So what is yoga? What is this jewel in the crown of the subcontinent that draws me here? To introduce yoga in so few words is not an enviable task...for it heralds from an ancient and great body of knowledge (the Vedas). There have been as many definintions as there have been practitioners...for, like anything worthwhile, it takes on a shade of personal significance in the hands of each individual who takes it up. Yet, as a science yoga is basically the technology of linking the mind to the source of creation (in essence, yoga means to "link to something" or "to be related." ) That takes discipline. The original meaning of the word "discipline" means "to learn." You have to learn about the nature of ignorance and what lies behind it to link yourself with discrimination and meaning. You have to watch very carefully and unravel the riddle of the mind-body complex. You have to ask questions. And not settle for verbal answers. As the flower of the Greek civilisation - Socrates said - "the unquestioned life is not worth living." Over the centuries, the yoga system has developed out of some very serious questioning by many wise and genuine beings.
There is something tremendous within us which we have forgotten. Using the many tools of the yogic tradition, we can learn how to build a relationship with that essence which we find ourselves divorced from. With great attention we can gain profound understanding of the nature of suffering..so that we might find a way to emancipate ourselves from it.
To confront the conflicts within us is where harmony begins. It seems to me that in a world such as ours - one so bogged down by fear, selfishness and anger; one where we are all chasing some form of pleasure or security....it is intelligent to ask if there is something sacred, something holy - beyond doctrines, beyond images and effigies, beyond the scope of the hands or the limitations of the mind.
Classical Yoga - Ashtanga yoga (the eightfold path of Patanjali's yoga sutras) is dedicated to the search for meaning in the context of the above statement. It starts with asanas. "Asana" has several meanings - but basically it can be translated to mean "position." Asanas are stretching exercises which serve to bring about a strong and flexible body. Then there is pranayama which is the science of conserving and directing the life force. Practically speaking, working with the breath is the focus of pranayama. Pranayama can help in so many ways when learned under the guidance of an experienced teacher - it can calm the mind and heal the body. Then there is meditation which is a spontaneous action totally free of effort. Right speech, right conduct, practice of asanas and study of pranayama all contribute to the kind of refinement and sensitivity that is necessary to make space for that sacred awareness which comes upon us in meditation.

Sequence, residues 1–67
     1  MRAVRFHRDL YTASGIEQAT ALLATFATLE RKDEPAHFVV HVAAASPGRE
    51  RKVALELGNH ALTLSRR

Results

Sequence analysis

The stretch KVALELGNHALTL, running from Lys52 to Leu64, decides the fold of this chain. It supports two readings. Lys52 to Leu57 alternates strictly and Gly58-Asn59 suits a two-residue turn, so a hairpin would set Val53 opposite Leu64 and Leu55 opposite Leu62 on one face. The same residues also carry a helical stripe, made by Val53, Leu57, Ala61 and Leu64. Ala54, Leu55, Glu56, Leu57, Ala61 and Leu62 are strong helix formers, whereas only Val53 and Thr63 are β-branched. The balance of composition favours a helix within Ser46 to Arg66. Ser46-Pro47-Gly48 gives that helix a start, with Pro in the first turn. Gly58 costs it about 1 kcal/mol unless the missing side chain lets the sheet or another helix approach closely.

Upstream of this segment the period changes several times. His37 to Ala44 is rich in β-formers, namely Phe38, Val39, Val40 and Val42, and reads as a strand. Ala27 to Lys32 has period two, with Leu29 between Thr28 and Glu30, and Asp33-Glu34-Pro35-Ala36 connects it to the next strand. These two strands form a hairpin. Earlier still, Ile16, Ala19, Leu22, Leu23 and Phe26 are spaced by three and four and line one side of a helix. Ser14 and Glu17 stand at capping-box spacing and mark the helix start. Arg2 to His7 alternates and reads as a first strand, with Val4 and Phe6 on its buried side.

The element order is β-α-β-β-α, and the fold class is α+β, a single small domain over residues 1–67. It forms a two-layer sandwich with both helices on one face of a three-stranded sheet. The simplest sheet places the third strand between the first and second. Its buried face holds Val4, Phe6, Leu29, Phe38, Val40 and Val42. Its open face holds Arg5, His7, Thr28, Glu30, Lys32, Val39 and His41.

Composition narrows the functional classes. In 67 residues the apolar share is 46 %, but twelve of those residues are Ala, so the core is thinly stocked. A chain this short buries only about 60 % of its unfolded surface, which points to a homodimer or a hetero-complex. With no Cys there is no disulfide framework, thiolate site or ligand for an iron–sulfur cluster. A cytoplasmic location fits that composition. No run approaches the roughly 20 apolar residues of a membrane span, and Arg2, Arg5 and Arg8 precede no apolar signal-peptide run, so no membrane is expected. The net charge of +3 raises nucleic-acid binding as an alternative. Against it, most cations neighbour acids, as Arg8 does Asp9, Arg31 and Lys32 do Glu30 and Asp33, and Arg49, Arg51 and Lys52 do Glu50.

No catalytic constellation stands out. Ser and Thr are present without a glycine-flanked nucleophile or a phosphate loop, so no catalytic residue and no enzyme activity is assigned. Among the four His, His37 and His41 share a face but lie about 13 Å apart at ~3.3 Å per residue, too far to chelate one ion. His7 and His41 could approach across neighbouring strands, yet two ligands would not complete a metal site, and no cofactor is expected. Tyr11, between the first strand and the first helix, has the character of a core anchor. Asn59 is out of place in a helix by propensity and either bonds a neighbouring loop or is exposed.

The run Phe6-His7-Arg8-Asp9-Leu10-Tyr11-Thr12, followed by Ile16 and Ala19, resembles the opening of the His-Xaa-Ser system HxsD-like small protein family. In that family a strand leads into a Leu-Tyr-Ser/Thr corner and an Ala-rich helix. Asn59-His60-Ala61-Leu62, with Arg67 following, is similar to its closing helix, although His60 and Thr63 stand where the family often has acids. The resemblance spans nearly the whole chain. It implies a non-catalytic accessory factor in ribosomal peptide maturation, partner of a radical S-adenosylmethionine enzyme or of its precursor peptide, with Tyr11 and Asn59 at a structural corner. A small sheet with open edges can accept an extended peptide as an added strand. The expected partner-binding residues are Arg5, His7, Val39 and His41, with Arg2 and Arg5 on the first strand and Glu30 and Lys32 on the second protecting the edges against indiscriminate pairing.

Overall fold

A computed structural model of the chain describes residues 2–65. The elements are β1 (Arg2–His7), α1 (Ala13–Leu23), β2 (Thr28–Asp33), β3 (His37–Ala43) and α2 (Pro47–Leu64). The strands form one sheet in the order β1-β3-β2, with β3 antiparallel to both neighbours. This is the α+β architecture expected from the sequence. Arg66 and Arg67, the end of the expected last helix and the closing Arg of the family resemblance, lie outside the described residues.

Yoga leads you back to your Self. What is the Self? It can be described, but the actual discovery is far, far more important. It is the unending ocean of presence. It is the awesome, ever-happy home of the mystic. Discovering it is the purpose of all religions and yoga alike. The difference with yoga is that you do not have to believe in anything. Yoga is a science of discerning what is actually true and what is illusionary. The tools of that science are observation and that marvellous instrument known as the mind. There are no problems beyond the mind and all the solutions lie there too. When the mind is quiet, the Self naturally shines forth and one is in the state of yoga.